Research-Article| Volume 72, ISSUE 10, P2712-2717, October 1989

Relationship Among Climatological Variables and Hourly Distribution of Calvings in Holsteins Fed during the Late Afternoon1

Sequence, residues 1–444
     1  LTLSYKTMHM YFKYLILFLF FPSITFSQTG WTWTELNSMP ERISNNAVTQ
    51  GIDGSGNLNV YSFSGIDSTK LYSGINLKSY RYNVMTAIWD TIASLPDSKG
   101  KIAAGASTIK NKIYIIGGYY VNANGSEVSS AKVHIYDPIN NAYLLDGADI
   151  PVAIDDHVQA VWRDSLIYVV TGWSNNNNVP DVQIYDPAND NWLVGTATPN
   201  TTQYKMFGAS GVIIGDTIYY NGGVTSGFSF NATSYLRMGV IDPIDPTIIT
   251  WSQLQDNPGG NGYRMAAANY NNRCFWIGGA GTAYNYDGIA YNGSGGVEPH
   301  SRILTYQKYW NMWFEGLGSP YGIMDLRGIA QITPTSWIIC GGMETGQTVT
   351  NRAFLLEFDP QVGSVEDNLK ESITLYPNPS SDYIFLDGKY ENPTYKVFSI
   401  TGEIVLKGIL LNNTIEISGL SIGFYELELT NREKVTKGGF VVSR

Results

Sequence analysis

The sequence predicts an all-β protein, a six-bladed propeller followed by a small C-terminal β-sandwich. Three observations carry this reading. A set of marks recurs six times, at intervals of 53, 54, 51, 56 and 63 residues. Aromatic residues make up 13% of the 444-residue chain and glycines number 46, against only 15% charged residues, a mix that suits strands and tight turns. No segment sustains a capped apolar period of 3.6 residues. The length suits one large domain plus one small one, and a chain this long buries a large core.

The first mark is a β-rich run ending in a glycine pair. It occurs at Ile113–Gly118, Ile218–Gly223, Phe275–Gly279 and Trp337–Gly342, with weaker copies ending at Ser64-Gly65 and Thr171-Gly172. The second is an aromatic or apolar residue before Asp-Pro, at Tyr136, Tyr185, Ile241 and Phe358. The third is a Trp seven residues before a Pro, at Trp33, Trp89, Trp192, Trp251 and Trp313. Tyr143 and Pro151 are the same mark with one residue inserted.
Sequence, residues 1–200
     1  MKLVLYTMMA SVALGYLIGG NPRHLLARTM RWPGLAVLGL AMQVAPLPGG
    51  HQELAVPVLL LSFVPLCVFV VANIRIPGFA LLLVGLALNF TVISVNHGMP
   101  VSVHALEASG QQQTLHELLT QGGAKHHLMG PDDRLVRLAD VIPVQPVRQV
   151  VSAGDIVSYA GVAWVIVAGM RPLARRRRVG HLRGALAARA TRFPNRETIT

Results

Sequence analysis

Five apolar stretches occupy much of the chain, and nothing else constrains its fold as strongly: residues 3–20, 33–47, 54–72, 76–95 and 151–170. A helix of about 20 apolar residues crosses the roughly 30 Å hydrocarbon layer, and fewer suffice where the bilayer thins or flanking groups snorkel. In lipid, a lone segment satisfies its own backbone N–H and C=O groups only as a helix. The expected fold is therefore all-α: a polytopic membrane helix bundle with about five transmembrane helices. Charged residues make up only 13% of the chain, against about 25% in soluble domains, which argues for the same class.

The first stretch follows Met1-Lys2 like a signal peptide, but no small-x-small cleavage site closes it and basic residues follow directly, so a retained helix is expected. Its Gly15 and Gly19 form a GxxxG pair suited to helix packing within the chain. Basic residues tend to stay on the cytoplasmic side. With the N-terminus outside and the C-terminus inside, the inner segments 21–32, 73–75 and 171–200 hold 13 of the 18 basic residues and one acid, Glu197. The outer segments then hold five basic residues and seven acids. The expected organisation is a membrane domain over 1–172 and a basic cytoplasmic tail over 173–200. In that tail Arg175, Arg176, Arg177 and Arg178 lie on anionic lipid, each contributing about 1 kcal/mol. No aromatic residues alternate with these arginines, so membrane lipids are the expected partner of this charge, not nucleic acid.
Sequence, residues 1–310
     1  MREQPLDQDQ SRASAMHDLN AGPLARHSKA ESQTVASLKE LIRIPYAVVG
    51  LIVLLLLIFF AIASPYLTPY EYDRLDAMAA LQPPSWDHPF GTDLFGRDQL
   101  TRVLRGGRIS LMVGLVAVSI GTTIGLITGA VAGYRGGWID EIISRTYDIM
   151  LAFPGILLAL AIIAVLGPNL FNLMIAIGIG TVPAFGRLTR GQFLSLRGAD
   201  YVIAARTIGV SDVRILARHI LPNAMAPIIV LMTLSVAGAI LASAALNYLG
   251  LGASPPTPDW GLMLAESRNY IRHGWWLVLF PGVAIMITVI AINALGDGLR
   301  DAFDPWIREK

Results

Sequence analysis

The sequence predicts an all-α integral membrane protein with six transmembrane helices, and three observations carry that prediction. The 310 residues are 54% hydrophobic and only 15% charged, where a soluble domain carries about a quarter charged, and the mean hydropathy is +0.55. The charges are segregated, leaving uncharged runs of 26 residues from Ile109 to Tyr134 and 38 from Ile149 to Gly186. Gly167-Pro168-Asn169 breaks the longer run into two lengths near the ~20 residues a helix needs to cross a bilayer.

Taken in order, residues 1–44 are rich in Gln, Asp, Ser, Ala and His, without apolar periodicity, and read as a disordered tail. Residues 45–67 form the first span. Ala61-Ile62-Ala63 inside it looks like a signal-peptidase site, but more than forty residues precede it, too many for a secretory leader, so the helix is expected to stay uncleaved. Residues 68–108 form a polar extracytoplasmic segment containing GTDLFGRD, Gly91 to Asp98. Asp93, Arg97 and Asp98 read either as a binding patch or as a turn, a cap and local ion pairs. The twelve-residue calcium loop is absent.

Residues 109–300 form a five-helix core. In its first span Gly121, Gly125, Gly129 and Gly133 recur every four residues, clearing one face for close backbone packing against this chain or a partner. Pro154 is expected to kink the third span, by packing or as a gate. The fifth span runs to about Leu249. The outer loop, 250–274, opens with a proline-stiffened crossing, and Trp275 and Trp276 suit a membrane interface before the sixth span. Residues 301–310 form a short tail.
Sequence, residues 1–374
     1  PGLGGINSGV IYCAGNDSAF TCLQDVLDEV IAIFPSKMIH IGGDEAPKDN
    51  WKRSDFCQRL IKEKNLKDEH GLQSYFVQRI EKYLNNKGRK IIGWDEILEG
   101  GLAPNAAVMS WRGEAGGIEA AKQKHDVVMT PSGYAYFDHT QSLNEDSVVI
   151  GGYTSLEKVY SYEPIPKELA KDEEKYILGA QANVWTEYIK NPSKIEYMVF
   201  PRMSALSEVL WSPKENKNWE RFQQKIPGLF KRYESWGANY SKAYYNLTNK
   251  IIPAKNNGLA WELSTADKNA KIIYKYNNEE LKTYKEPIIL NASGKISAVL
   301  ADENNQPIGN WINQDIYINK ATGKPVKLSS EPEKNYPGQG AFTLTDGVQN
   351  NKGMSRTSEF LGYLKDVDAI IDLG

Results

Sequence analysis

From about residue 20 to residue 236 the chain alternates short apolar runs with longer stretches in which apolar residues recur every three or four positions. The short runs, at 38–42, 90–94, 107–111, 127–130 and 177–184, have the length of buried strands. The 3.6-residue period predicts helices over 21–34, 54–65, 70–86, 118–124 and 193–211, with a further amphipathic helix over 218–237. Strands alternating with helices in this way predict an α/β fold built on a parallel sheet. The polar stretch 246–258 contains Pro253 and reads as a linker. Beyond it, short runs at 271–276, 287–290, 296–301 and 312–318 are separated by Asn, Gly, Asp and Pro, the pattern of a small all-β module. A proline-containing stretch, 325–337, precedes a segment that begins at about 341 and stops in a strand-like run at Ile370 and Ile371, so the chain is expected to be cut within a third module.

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      A survey of 924 calvings of Holstein cows and heifers in one large commercial herd during the fall of 1985 revealed a nonuniform pattern of calving over a 24-h period. Pregnant females were attended 24 h/d and fed daily a complete diet between 1500 and 1600 h during the dry period or the last 30 to 60 d of gestation. More calvings occurred from 0601 to 1800 h than from 1801 to 0600 h (56 versus 44%). Cows calving during the last 12 h of the day (1201 to 2400 h) had gestation periods that averaged 1.3 d longer than cows calving during the first 6 h of the day. Length of gestation was increased 1.3 d for every hour decrease in daylength from September to December but was unaffected by any other climatological measure (barometric pressure, precipitation, wind velocity, temperature, percentage sunshine, or relative humidity). The hour of calving was unrelated to any of the climatological measures during the week preceding parturition. However, partial regressions of climatological variables on days to calving revealed significant regressions for barometric pressure [quadratic; β = (60.1 ± 2.6) × 10−13 mm2 Hg/d], precipitation [β = (2.02 ± .8) × 10−1 mm/d], humidity [β = (1.2 ± .2) × 10−2%/d], and daylength [β = (−3.5 ± .5) × 10−1 h/d]. It was concluded that pregnant cows and heifers fed during the late afternoon calved in a nonrandom pattern during the 24-h day; more calvings occurred during daylight hours. Changes in various environmental measures may serve as biological cues to initiate parturition in the bovine.


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